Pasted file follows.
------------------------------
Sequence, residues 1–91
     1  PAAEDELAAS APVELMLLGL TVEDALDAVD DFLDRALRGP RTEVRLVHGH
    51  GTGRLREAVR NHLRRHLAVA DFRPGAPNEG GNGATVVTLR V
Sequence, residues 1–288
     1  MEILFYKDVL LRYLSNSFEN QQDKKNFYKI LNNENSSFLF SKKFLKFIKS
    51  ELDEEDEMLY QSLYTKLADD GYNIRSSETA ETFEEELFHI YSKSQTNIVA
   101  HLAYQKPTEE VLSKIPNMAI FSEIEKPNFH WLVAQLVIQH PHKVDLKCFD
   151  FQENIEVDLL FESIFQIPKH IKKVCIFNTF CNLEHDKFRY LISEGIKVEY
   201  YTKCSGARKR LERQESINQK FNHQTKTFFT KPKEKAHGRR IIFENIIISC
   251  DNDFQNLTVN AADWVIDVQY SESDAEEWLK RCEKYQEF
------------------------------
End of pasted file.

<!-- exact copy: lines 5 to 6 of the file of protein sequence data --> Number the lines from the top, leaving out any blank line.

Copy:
     1  MEILFYKDVL LRYLSNSFEN QQDKKNFYKI LNNENSSFLF SKKFLKFIKS
    51  ELDEEDEMLY QSLYTKLADD GYNIRSSETA ETFEEELFHI YSKSQTNIVA